New study highlights declining elk numbers in Czechia
After years of a slow but gradual increase, the population of elks in the Czech Republic has started to decline. According to a new study, carried out by Czech scientists, together with their colleagues from Germany and Austria, the main factor behind the trend is landscape fragmentation and loss of habitat.
According to most recent data, there are only around ten to twenty elks currently living in the Czech Republic. Just a few years ago, their population was estimated to be twice as large.
Unlike most other deer species, elks are solitary animals which don’t form herds and it is impossible to establish their exact numbers.
Until recently, the largest elk population lived around the town of Třeboň, in South Bohemia, but the animals gradually migrated further south, towards Lipno Lake, not far from the German and Austrian borders.
That’s why Czech scientists teamed up with their colleagues from the two neighbouring countries. Together they have been monitoring elk populations living on the territory from the 1970s until today.
Based on these data, they want to predict the population’s future development and propose what measures should be taken for its protection.
They have also suggested locations where the large animals could possibly be reintroduced, including the whole of the Šumava National Park and Bavarian Forest.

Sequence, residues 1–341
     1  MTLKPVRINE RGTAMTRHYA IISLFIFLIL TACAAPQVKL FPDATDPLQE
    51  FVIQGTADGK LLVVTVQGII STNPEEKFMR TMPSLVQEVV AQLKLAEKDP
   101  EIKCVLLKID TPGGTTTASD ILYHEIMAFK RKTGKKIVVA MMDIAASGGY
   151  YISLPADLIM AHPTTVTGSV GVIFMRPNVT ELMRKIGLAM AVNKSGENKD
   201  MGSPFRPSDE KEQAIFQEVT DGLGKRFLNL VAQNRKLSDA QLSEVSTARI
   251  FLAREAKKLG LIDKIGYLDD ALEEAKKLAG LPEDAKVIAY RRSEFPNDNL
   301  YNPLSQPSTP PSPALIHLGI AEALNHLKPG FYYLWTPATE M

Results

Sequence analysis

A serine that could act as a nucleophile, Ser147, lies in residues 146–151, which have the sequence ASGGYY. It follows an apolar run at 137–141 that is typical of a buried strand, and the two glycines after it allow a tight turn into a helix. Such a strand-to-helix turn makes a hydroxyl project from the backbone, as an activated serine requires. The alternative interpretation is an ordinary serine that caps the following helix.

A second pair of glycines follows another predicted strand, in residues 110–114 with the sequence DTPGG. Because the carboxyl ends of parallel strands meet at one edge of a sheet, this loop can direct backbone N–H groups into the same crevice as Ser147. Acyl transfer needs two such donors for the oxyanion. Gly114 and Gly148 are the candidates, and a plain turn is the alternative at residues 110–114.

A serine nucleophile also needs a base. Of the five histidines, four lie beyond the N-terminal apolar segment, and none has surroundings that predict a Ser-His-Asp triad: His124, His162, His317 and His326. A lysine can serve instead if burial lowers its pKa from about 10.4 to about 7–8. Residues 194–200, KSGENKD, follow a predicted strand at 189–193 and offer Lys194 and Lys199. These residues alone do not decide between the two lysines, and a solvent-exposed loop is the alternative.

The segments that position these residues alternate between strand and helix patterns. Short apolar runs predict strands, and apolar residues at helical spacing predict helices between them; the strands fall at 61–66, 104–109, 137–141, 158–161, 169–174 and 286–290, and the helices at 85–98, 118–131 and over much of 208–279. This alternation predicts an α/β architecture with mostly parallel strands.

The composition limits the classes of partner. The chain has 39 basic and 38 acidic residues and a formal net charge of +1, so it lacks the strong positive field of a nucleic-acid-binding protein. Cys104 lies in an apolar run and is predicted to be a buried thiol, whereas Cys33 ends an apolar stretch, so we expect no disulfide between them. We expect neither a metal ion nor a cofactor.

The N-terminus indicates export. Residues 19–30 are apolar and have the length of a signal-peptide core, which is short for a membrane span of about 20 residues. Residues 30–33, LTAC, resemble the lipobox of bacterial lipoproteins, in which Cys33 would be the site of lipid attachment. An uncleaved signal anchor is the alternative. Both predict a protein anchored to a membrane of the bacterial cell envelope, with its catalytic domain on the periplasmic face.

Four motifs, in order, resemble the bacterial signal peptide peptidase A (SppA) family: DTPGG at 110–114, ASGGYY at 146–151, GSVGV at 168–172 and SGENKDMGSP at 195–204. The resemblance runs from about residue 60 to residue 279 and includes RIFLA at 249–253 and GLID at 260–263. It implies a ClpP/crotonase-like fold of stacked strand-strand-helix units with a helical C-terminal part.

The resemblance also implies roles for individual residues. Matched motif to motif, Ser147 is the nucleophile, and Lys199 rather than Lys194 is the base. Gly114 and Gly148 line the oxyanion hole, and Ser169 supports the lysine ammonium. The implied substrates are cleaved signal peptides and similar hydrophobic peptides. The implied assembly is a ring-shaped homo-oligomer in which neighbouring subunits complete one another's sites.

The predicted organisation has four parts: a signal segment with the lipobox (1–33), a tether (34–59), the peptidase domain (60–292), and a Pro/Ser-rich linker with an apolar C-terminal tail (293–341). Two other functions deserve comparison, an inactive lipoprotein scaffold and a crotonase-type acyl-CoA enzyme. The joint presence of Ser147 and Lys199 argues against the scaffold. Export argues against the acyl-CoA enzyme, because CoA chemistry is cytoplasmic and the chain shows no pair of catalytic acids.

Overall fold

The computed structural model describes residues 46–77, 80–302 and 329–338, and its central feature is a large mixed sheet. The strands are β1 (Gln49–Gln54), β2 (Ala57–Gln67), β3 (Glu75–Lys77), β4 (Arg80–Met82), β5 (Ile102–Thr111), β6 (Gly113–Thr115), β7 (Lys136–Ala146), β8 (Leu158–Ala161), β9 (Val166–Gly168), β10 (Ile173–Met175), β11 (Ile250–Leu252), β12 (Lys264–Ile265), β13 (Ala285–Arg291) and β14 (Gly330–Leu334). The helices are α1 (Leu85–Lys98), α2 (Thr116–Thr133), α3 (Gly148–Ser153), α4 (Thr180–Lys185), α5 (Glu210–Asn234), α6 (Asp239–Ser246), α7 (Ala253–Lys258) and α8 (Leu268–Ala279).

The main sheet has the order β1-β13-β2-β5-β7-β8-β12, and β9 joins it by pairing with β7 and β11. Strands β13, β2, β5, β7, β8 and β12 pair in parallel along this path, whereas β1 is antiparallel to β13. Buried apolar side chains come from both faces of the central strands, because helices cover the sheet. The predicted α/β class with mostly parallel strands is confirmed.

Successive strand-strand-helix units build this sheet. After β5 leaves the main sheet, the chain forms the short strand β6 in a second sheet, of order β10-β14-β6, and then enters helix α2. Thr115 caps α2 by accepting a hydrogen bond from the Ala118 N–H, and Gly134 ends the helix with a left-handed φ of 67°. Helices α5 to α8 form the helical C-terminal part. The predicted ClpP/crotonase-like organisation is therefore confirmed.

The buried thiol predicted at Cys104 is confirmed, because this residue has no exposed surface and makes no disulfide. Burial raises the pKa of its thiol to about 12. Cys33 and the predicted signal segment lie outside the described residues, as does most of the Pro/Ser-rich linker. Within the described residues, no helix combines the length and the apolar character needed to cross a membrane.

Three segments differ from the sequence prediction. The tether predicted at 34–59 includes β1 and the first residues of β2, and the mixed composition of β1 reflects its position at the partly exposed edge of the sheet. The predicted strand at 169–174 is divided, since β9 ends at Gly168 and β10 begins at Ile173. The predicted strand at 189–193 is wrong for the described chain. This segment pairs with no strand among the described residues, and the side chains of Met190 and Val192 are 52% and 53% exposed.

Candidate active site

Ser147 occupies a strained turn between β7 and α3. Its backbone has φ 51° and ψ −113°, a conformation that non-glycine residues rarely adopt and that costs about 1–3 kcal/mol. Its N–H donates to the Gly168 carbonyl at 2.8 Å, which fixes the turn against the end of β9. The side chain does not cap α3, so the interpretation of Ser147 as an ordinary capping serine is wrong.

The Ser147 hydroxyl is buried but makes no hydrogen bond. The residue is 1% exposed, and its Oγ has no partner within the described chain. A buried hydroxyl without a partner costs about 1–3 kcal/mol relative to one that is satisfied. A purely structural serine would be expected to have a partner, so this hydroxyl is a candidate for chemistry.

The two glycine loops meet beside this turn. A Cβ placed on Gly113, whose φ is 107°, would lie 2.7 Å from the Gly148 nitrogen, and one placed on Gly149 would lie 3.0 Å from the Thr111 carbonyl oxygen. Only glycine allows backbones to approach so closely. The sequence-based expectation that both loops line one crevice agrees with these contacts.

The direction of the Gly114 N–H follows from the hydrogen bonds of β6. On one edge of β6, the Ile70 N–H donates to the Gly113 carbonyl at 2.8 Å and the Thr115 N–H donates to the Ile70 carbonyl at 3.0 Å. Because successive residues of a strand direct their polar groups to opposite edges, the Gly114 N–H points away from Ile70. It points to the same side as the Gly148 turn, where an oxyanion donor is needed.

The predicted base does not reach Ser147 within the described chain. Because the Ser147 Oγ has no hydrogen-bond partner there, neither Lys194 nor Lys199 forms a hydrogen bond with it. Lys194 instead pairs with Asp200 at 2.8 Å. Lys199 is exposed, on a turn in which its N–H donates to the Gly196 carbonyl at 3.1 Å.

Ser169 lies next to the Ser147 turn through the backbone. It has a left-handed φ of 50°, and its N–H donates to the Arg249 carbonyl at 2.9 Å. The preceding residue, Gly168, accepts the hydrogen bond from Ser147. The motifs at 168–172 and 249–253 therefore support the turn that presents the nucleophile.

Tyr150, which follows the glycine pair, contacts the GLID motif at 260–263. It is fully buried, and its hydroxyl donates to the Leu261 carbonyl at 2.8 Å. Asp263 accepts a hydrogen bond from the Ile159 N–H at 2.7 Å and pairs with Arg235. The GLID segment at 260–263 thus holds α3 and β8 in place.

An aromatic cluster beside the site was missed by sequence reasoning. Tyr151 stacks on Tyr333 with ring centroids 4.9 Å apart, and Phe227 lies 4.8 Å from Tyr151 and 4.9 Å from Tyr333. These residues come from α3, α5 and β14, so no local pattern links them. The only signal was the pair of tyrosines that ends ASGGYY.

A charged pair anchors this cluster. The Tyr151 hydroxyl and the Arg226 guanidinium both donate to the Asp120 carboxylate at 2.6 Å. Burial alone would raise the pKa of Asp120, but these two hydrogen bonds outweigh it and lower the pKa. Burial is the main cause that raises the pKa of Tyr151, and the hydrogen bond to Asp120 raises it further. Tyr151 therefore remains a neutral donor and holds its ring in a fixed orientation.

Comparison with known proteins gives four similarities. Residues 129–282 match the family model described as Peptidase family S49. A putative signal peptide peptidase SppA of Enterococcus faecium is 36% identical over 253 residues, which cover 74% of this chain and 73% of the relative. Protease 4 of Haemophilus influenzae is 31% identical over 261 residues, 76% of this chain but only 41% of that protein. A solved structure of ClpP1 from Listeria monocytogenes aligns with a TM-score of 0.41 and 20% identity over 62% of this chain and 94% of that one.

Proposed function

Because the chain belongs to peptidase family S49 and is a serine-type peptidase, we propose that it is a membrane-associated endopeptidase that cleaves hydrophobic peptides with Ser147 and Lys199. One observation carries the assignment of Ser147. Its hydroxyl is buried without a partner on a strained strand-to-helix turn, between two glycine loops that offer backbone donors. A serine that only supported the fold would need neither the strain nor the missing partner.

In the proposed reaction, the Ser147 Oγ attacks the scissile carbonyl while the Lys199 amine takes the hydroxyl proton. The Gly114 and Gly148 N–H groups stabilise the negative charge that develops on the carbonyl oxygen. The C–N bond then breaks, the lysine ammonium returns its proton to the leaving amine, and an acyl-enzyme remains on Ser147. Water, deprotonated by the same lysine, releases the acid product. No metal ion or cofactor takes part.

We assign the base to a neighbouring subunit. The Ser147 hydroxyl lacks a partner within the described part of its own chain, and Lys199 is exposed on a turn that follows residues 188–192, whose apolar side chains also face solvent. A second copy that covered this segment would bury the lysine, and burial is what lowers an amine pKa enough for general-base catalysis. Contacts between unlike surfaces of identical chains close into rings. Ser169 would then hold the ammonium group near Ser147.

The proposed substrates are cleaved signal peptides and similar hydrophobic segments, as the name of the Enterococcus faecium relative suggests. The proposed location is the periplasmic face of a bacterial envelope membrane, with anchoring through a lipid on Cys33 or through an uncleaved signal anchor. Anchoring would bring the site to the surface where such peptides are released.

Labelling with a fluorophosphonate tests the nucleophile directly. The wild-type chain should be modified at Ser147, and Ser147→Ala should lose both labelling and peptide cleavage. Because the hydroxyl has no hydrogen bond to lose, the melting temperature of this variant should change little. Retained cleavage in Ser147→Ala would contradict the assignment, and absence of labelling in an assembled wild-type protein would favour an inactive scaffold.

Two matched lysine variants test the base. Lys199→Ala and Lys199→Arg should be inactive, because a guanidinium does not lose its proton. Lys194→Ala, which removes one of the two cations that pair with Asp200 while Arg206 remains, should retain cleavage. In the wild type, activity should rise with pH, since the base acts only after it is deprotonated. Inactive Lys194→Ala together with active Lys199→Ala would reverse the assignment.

The Eurasian elk lived on the territory of today’s Czech Republic until the late Middle Ages, until the 15th or 16th century, when it was driven to extinction, most likely by over-hunting.
After a long period of absence, it started to spontaneously return to the area in the 1950s. The animals migrated from southern Poland, and settled in several locations, says Tomáš Janík from Charles University’s Faculty of Life Sciences and head of the research team:
“The elks settled for instance around the towns of Nymburk and Tábor, but the most stable and long-term elk population was around Třeboň, where they remained until the 1990s.”
Due to the growing number of people, the animals were gradually pushed out of their territory, towards Lipno Lake. But most recently, their numbers started to dwindle even in that location:
“There have been some sightings over the past decade, mainly in the Třeboň region and in the south of the Šumava Mountains. But since 2012 or 2013, evidence of elks’ occurrence has been scarce. That’s why we are worried about the future of the animals.”
The Eurasian elk usually inhabits flat lowlands with marshes and swamps and alluvial forests, which can be found in Scandinavia, the Baltic countries and Poland.
The border region of the Czech Republic, Austria and Germany is slightly different, more hilly and forested, and it is one of the most southern habitats of elks in Europe.
Scientists from these three countries hope that their new study will contribute to a better protection of these rare animals.